None of these colors are dupes for one another even though I always pictured them being similar in my mind. I think it’s understandable considering I own a pink, orange, and red for both. If anyone else is curious to see how they compare, I hope this will bring some clarity.

Newest Blush Releases from Armani and Suqqu

The handwritten numbers were my attempt to figure out which shades from the promo pic that attracted me to the Armani blushes coincides with the brand’s swatches. It’s not easy to figure out considering these are not widely available at the time I’m writing this.

Armani is releasing Luminous Silk Glow Blushes and Suqqu has two Pure Color Blushes coming in the Pre-Summer Collection and two Melting Powder Highlighters in the actual Summer Collection. I was very much interested in the Armani ones until I watched a review that had me questioning whether the colors I want will look the same way in person as they do online, or if they will even show up on me with their level of sheerness. So, it’s unknown whether I will pick one up or not. I’m leaning towards skipping until there’s a big sale.

For Suqqu, I had the 138 Blush in the Pre-Summer collection shipped home to the US. As for the Summer collection, I’ve gone back and forth on this, but I might just pick up one of the Melting Powder Highlighters. Although I suspect it will have silver shimmer, and I hate silver in highlighters, the other colors within the swirl of the orange/brown swirl one might make it something I like. It being limited edition makes it difficult to “wait and see,” and I certainly don’t want to miss out.

That’s everything I have for today!



Suqqu Melting Powder Blushes, Highlighter, and More

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Suqqu is a Japanese cosmetics brand that I’ve always been curious about, but as is common with most luxury products, the color stories are often not suited for my skin tone and/or don’t match my makeup preferences. For that reason, there hasn’t been much I’ve been able to use until this year, as it appears that Suqqu is now offering more variety in their launches as their product demand continues to increase globally. Today, I’ll be sharing my opinions of the few Suqqu items I added to my collection.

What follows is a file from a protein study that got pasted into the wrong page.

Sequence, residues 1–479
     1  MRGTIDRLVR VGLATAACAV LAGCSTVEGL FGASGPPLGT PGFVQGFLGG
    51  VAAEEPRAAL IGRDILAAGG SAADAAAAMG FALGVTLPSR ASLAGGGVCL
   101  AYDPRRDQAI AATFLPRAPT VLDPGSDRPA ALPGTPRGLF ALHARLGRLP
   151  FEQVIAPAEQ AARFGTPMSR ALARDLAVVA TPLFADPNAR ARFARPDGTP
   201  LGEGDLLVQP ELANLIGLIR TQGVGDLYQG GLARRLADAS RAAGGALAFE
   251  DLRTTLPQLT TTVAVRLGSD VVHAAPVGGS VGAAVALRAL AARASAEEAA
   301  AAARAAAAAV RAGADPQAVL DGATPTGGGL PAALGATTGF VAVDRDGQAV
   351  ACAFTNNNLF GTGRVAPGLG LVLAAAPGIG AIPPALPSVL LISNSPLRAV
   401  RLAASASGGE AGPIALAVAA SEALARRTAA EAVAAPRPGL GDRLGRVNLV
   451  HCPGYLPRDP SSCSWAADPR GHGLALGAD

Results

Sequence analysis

SUQQU Melting Powder Blush in 06 Yuubae and 07 Yoiurushi

The Melting Powder formula is a new one introduced from the brand in 2022. I am extremely pleased with the shade variety, as there are a few that could work for me, but 07 is what I was drawn to the most. It reminds me a bit of Pat Mcgrath’s Paradise Venus, but leaning even more red. That being said, I still ended up purchasing 06 shortly before this review was scheduled to post. It’s incredibly difficult for me to resist buying another blush shade in a formula that I like.

A photo showing #07 applied more heavily is in the highlighter section.

This is a buildable yet pigmented formula that feels smooth to the touch, like a cream, without leaving a tacky feeling to the skin. It sets into place on the cheeks enough to where it won’t transfer/move as easily as when first applied, but it doesn’t dry per say. The formula that is intended to feel and look creamy and satin-like on the skin will continue to have that same quality when the cheek is touched, but it doesn’t feel wet. I do have dry skin though, so I don’t know if setting it with powder would be necessary for those with oily skin.

These blushes remain looking pigmented all day and I love how seamlessly they meld with my skin. It’s like taking the best quality of creams and putting it in a form that those who prefer powder blushes may enjoy too. It’s advertised as becoming, “one with the skin,” which is a claim I believe is true.

It comes with a brush. I normally don’t use the brushes and other types of applicators that come with makeup, but this one actually applies the product nicely. The bristles are synthetic though, which I figured I should mention since the natural hair brushes from Suqqu were quite famous in the fude world (all Suqqu brushes are now synthetic) and I want to make it clear that these aren’t as special as those, but still decent for a free mini brush. However, if given the option, I still prefer using my own full sized brushes with this blush. Also, because of the emollient ingredients contained in the blush, I recommend using the same type of brushes with this as you would a cream product (undyed goat hair and/or other resilient natural bristle brushes and synthetic brushes).
I have used 07 once with a lightly damp sponge and it increased the opacity and amount of pigment that was deposited on the cheeks. I can also get a natural flushed look when using my fingers with these blushes, but I still prefer a brush application the most.

I believe that the eight original shades that launched before Spring are part of Suqqu’s permanent line, but they also have two limited edition shades that were released as part of their Summer Collection. Suqqu is not easily accessible in the US without ordering online, though it still has a fairly large following here, especially among fans of luxury makeup. I still have the Selfridges+ shipping subscription active on my account, so I purchased mine from Selfridges. Some really insightful information about the brand, their products over the last seven years, and the different places to purchase Suqqu products is available in this video I found just before posting this review.

SUQQU Melting Powder Highlighter 101 Kagerou

This particular shade of highlighter is limited edition and part of the Suqqu Summer Collection for 2022, but I can only assume a permanent range will eventually be released. I also assume the permanent line will not have the cake-marble pattern, but I guess we’ll have to wait and see!